Following a diligent search by U.S. authorities, and in coordination with the Romanian authorities and the U.S. State Department, Ketchum was arrested in Romania in September 2010. He has been in Romanian custody since that time, fighting extradition. Following the exhaustion of all appeals, Romanian officials agreed to extradition, and Deputy U.S. Marshals traveled to Romania last week to return Ketchum to the United States.

Daniel McMullen, Special Agent in Charge of the FBI in Mississippi, stated: “Those accused of criminal conduct should not fool themselves into thinking they can flee the United States to avoid prosecution. Nor should they believe that the passage of time will protect them from apprehension. The FBI’s role is not to determine guilt or innocence. Our role in fugitive matters is to bring the accused before the appropriate court and allow the judicial process to take its course. For over five years, special agents and task force agents of the FBI and deputy U.S. Marshals persevered in their efforts to locate and apprehend this subject. Ketchum’s arrest and return to the United States is the result of cooperation and coordination between the Romanian authorities, the United States Department of State, and federal law enforcement in the state of Mississippi.”

According to the indictment, Ketchum used the name and Social Security number of his deceased brother to obtain multiple credit cards and a United States passport, all without lawful authority, in violation of 18 U.S.C. Sections 1028(a)(6) and 1029(a)(3). It is also alleged in the indictment that Ketchum was a previously-convicted felon in possession of four firearms, in violation of 18 U.S.C. Section 922(g)(1).

United States Attorney John Marshall Alexander stated: “The successful apprehension and return of Mr. Ketchum to the United States is a prime example of how diligence and cooperation among law enforcement entities can bring about desired results. The U.S. Attorney’s Office is grateful to the FBI and the U.S. Marshals for their persistence in discovering the whereabouts of this individual, and thus ensuring that this important case, involving multiple instances of fraud, is brought to completion.”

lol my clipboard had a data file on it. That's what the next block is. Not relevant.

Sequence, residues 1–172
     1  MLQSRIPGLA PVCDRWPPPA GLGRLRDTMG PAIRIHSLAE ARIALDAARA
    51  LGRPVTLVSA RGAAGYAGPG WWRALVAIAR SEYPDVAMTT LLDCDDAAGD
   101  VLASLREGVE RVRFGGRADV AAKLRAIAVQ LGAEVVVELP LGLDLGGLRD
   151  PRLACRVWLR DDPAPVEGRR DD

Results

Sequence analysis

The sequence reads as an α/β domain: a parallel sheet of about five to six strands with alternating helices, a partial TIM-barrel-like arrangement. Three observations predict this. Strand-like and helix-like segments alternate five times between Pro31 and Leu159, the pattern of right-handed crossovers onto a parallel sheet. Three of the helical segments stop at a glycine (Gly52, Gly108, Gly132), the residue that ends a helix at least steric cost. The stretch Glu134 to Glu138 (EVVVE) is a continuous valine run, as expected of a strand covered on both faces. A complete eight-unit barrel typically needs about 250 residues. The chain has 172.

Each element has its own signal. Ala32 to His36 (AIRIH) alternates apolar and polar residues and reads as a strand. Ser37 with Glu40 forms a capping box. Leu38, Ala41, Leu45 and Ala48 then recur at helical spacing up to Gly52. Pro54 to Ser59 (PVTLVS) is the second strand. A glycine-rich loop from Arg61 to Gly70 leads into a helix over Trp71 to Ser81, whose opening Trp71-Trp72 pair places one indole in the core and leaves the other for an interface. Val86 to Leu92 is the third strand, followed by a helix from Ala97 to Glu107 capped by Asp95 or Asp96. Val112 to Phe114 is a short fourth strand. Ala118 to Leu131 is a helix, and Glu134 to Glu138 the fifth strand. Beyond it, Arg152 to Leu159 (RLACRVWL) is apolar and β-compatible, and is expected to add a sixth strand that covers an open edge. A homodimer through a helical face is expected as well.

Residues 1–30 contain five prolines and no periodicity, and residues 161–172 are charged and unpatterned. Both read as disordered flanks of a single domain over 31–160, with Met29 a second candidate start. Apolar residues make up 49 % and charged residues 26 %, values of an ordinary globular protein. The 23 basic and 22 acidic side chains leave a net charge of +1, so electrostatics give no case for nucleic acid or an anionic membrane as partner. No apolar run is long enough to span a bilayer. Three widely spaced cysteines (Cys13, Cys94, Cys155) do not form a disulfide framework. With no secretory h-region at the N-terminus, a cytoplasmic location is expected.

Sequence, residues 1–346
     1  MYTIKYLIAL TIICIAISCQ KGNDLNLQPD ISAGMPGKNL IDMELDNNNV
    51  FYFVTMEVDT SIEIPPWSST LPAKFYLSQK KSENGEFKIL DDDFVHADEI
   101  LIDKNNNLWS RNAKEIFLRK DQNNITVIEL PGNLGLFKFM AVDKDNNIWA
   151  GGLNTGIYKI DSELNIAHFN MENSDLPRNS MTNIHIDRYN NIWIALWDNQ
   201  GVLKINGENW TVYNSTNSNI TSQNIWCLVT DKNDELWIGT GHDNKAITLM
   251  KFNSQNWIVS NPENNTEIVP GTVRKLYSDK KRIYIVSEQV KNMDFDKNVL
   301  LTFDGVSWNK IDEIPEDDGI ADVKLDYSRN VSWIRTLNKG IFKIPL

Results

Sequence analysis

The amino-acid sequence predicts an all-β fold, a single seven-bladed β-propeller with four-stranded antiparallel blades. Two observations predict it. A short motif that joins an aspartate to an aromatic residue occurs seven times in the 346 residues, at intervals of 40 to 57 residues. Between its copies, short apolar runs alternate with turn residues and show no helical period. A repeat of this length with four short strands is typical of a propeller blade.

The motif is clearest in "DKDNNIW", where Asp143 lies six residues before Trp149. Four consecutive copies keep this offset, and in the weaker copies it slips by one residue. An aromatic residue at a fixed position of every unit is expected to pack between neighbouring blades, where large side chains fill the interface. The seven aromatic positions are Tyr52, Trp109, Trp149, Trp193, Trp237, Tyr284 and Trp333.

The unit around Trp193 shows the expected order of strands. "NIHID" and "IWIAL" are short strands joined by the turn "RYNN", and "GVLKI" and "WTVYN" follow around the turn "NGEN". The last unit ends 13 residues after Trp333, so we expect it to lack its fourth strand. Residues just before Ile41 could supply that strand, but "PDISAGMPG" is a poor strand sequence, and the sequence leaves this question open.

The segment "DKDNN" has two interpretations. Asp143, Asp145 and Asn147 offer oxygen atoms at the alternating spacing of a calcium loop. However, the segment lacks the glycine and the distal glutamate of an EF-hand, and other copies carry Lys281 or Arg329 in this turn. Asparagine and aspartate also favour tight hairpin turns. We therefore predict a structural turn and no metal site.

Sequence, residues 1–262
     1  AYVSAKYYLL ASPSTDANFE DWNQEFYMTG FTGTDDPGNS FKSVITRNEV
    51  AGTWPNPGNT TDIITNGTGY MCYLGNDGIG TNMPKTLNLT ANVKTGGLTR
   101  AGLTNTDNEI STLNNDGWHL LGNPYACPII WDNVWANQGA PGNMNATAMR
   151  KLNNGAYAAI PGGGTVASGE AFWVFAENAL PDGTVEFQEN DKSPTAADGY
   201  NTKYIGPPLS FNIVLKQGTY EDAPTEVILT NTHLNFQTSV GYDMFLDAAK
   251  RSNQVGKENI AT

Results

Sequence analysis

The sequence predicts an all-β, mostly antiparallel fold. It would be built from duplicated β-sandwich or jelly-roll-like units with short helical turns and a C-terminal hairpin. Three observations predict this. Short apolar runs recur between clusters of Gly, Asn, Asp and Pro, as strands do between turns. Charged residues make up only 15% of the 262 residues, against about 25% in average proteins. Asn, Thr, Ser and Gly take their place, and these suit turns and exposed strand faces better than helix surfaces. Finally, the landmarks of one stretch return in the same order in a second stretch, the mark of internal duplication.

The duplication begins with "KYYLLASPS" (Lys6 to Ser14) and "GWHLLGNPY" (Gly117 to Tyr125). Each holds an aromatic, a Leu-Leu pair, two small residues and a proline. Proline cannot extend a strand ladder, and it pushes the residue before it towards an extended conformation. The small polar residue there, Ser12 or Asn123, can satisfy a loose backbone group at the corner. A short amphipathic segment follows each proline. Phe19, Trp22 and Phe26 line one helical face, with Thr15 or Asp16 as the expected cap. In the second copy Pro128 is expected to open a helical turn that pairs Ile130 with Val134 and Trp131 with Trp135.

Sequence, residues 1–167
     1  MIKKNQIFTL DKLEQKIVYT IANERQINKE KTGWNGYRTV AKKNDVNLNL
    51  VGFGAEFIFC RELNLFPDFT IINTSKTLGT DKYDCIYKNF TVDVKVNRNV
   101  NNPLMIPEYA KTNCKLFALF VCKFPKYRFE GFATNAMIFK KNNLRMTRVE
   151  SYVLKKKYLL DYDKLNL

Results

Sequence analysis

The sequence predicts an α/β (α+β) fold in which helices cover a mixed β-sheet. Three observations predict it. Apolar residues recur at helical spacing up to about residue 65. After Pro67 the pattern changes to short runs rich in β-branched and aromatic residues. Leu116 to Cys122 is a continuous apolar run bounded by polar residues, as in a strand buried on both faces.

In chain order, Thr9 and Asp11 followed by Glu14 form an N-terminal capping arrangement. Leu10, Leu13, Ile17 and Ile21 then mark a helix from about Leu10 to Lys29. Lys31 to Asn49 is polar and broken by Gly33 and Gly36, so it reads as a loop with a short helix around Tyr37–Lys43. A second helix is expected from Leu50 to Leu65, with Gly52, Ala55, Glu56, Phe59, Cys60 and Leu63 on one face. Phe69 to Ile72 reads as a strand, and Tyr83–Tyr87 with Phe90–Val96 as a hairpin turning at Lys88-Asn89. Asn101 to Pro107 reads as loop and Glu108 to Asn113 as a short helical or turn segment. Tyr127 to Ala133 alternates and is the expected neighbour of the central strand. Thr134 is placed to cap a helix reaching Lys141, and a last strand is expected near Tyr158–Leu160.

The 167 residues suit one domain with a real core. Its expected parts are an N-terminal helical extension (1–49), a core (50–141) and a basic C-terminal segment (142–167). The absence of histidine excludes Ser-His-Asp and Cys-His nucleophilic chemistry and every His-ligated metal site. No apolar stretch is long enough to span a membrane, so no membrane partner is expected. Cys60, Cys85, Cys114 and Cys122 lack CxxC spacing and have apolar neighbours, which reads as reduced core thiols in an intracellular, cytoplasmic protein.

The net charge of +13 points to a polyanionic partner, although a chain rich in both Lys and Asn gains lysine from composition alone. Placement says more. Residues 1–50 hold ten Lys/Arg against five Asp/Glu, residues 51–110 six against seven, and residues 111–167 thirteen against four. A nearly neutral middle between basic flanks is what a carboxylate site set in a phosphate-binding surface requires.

If convicted on all counts, Ketchum faces up to 35 years in prison, up to $750,000 in fines, and up to nine years’ supervised release.

An indictment is merely a charge and the defendant is presumed innocent until proven guilty.

This case is being investigated by special agents and task force agents of the Federal Bureau of Investigation and the United States Marshal Service and is being prosecuted by Assistant United States Attorney Paul Roberts.

Saturday, July 16, 2011

Organized Romanian Criminal Groups Targeted by DOJ and Romanian Law Enforcement

FBI: An ongoing Internet fraud scheme conducted by several networks of organized cyber criminals in Romania and the United States has been disrupted as a result of a series of law enforcement actions coordinated since 2010 between Romanian and U.S. law enforcement, including numerous arrests and searches that took place yesterday in Romania.